Regardless of major, all students at East Tennessee State University completing a bachelor’s degree are required to take the California Critical Thinking Skills Test before receiving their diploma. Students are eligible to register for the test as soon as they have completed 75 percent of their degree program.
The CCTST measures students on the following areas: analysis, inference, evaluation, induction and deduction. As its name implies, the purpose of the test is to evaluate students on their ability to think critically.
Leigh Lewis, the assistant director of assessment at ETSU, said critical thinking is one of the most sought after skills employers seek in future employees. Not only are employers interested in a student’s critical thinking skills, but graduate programs are as well.
“I have heard of graduate programs requesting scores from this test if they know their university requires students to take it,” she said.
The CCTST important to students and to the university. If students score above the national average, the university can receive money from the state in the form of grants.
“The test is worth 15 of the 200 points associated with quality assurance funding … which adds up to roughly $600,000 per year if we get the full 15 points,” Lewis said. “The more money we get from the state, the less money students have to pay in tuition to cover the costs to operate the university.”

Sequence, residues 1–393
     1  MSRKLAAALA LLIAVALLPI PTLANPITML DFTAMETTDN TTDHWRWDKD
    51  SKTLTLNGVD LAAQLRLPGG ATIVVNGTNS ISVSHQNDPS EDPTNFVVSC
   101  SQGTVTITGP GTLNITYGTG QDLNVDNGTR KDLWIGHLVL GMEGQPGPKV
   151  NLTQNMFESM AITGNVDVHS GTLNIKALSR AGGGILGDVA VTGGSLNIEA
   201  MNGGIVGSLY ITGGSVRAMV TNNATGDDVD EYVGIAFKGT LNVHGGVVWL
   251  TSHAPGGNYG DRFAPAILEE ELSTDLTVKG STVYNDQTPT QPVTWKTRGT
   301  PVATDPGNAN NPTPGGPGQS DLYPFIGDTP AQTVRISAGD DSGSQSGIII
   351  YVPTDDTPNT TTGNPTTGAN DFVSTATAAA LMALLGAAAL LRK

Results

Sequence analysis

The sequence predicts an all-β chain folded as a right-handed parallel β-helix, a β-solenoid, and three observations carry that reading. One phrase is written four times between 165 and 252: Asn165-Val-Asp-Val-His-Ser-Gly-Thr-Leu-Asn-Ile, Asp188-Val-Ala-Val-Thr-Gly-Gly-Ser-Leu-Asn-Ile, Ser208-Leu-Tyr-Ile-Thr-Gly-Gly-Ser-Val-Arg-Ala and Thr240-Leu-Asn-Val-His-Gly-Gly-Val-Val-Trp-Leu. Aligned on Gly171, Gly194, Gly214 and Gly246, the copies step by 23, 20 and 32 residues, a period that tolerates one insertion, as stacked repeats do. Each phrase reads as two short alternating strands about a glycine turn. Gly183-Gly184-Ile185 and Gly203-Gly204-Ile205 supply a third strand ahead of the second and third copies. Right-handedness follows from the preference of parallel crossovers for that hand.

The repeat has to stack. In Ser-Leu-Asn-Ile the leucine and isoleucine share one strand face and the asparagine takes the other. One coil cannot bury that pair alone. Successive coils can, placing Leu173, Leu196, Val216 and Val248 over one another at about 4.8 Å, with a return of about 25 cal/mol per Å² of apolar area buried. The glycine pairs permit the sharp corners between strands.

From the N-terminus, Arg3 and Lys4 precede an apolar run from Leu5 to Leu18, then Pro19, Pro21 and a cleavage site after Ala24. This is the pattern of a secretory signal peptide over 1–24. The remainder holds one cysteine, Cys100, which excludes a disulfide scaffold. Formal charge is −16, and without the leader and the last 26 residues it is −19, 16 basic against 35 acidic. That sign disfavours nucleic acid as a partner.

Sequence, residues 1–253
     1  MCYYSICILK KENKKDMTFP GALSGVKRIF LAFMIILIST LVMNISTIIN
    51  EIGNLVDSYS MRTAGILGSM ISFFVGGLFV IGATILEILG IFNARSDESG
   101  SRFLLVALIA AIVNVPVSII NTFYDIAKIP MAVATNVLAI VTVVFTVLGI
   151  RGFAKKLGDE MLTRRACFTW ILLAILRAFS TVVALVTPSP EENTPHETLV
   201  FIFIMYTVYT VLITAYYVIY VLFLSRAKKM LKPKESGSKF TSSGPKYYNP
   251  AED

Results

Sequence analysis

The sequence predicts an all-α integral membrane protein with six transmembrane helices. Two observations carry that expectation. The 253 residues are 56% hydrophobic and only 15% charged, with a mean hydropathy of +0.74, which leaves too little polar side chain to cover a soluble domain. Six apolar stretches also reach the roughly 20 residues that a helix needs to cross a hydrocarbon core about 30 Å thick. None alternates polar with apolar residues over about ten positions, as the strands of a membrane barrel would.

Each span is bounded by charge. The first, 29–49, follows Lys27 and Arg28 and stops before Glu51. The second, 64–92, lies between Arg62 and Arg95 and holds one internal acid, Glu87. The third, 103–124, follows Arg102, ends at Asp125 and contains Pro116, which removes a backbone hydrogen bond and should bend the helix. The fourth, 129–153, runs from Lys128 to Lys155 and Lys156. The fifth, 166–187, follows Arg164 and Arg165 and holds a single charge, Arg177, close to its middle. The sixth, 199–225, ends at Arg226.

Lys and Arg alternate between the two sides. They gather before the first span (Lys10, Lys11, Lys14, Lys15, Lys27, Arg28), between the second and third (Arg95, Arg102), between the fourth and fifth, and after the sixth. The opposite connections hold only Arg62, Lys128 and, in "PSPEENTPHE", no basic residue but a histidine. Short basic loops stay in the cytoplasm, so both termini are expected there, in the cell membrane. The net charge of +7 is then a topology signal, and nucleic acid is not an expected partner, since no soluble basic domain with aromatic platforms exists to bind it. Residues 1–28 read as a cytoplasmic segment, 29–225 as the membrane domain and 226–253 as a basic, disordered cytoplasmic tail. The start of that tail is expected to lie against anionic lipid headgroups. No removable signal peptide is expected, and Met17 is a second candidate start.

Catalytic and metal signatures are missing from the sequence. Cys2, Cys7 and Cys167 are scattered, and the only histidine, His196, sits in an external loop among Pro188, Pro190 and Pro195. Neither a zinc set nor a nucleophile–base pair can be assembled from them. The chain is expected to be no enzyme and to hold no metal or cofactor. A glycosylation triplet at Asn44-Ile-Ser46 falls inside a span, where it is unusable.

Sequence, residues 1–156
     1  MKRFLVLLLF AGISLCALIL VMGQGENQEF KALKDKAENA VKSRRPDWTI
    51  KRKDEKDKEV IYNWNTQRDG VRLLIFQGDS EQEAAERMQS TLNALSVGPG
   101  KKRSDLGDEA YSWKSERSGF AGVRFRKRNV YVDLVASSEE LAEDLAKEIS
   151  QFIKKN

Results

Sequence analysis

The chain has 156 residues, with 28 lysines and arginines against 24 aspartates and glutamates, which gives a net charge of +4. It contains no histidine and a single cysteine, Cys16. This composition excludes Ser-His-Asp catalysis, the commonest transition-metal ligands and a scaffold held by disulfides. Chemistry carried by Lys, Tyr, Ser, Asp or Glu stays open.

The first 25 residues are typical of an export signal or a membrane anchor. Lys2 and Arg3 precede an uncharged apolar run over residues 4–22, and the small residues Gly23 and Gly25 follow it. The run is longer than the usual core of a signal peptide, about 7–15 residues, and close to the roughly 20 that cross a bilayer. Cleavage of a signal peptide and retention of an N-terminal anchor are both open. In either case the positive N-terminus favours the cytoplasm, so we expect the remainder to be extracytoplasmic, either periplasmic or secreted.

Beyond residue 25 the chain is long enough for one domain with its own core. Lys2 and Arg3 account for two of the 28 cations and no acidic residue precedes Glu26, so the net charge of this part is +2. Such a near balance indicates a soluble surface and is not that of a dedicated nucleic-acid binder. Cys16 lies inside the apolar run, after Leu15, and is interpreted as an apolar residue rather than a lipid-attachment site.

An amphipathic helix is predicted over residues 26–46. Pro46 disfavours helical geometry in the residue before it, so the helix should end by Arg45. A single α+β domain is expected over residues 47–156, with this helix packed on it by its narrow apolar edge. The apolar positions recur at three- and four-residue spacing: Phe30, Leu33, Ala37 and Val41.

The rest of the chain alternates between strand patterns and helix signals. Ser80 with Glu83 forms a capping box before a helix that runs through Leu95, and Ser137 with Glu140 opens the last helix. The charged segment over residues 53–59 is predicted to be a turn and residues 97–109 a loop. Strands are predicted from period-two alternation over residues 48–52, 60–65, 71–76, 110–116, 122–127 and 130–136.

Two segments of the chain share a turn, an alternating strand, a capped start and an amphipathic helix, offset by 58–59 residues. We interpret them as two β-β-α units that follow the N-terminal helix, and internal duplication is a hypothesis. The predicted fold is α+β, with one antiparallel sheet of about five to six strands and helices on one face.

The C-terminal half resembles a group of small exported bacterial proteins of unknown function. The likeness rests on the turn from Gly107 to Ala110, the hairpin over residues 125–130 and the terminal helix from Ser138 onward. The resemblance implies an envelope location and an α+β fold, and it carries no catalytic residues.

The university can also use the scores from this test to make degree programs for the university better.
“Degree programs can use the results to alter the way they teach to help students build better critical thinking skills,” Lewis said. “Critical thinking skills are very important in the work place and can allow students to be more successful when they get out into the workforce.”
It is also worth noting the CCTST isn’t the only senior exit exam some students have to take, as certain departments require their own major field tests.
For students graduating this semester, the departments that include an additional senior exit exam include: biology (except biochemistry concentration), communication studies, criminal justice, English, history, foreign languages, history, media and communication, physical education, psychology, sociology, sports & leisure management and theatre.
For more information, students should check with their academic advisor.